Now we have to determine which flight configuration needs the largest tail load increases, so that we can design the aircraft's tail for this condition. It is the low speed end, especially on landing when we want to change a flight path headed into the ground to a path parallel to the runway.
The horizontal tail must be designed to provide a large nose up moment so that we can prevent the aircraft from "flying into the ground." The speed is low (just a little above stall speed) and power is reduced (no "artificial blowing" over the tail). The required tail load may be high because we have slightly misjudged our approach. The tail load required is down for a conventional aircraft.
If for balancing reasons the tail load is already down (Figure 8c, ie. forward center of gravity) we may now have the following horizontal tail requirements:
The required tail load increase will make the tail stall and we "run out" of elevator. As mentioned, one solution is to increase the air flow over the tail by pushing the throttle a bit; another solution is to keep the approach speed up; a third solution is to change the horizontal tail. We can 1) make it larger (a larger area will require a smaller lift coefficient for a given load and speed) or we can 2) choose an airfoil which provides a higher (negative) lift coefficient.
It may be useful here to mention a problem common to some of the newer generation light aircraft (which are often overgrown ultralights). These machines were originally designed for relatively low horsepower with many copying the "Cub-type" configuration and structure with a "board" type elevator (Figure 12a), which has a very low maximum/minimum lift coefficient. Later on larger engines were installed, and with the engine being heavier and in front of the aircraft, required a larger balancing tail load (center of gravity further forward).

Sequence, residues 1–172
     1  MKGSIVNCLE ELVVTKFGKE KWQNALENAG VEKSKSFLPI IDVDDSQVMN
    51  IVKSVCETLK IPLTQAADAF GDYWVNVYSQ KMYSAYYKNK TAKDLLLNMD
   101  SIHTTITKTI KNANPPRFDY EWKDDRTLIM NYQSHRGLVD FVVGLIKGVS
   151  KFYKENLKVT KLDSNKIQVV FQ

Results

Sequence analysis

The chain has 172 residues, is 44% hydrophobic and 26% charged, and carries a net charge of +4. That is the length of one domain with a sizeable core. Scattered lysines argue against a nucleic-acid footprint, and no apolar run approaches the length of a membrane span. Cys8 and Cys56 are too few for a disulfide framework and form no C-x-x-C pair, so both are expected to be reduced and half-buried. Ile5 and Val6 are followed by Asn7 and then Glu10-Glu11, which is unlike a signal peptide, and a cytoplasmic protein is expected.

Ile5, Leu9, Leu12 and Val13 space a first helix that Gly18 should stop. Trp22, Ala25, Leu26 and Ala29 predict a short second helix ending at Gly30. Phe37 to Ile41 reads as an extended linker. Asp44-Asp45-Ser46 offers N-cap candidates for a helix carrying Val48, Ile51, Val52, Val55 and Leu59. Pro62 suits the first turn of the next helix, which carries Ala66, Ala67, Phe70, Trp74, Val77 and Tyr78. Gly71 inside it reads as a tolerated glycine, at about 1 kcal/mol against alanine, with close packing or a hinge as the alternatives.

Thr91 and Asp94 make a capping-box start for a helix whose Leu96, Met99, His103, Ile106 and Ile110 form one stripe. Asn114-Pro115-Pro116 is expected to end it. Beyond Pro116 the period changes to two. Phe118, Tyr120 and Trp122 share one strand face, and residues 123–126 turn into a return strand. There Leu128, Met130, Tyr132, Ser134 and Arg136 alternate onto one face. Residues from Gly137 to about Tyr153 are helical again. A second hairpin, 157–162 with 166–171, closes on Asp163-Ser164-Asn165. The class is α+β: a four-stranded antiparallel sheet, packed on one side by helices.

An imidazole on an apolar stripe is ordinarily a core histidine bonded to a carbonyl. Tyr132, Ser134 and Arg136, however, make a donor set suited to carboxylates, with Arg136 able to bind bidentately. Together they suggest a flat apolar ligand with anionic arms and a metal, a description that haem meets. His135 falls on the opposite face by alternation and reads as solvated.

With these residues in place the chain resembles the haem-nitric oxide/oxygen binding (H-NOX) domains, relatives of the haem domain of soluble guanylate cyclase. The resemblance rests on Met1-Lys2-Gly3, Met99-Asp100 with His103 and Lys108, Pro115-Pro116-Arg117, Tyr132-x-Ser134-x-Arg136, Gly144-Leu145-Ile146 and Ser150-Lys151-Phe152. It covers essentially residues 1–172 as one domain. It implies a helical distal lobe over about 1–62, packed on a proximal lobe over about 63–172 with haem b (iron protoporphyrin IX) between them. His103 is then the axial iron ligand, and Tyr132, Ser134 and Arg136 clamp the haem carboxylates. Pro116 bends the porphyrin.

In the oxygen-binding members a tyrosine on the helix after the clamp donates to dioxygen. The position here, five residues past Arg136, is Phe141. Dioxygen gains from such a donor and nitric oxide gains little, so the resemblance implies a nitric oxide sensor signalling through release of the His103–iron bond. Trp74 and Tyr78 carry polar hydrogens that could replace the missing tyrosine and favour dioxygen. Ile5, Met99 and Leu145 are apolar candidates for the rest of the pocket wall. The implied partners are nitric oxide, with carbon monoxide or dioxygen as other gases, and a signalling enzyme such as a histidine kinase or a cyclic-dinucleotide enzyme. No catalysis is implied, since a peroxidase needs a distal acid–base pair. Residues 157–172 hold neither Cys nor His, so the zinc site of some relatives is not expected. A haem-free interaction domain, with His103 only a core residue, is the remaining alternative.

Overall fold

It is now known (although perhaps not as well as it should be) that these aircraft cannot be landed at low speed when the engine quits because there is simply not enough down load on the horizontal tail to keep control in approach and round it off for landing. I insist on this point with our designs because it is quite dangerous to have your engine stop and face a forced landing in an unknown field. At this point the pilot is already tense, plus he or she knows he has to keep the speed up in order to maintain control of the aircraft in spite of the fact that he would like to land as slow as possible to minimize the contact energy and reduce the ground run distance for a decent landing on an unknown spot which may have hidden ditches or a fence orbrush.
From the above we can conclude that there is a forward limit of the position of the center of gravity, forward of which there is a controllability problem for a given aircraft. If the aircraft's tail airfoil is the shape of Figure 12a, this limit is around 20 percent of the mean aerodynamic chord (MAC); with a symmetric real airfoil on the horizontal tail (see Figure 12b), the tail forward limit is closer to 16 percent. The exact percentage can only be found by flight tests.
As a summary, our aircraft can be operated comfortably and safely between two limits - the rear limit where the aircraft becomes unstable and the forward limit where we run out of elevator.
The forward line in Figure 13 has usually an upper slanted limit because of a structural aspect. The nose gear is usually designed for a maximum load (to keep the weight of the nose gear and supporting structure reasonably low). Practically this is not a limitation as most aircraft have a rearward moving center of gravity when you load them. This is simply due to the fact that the pilot needs to have visibility and thus the other loads are added "behind" the pilot (an exception is single seat aircraft with a forward located fuel tank).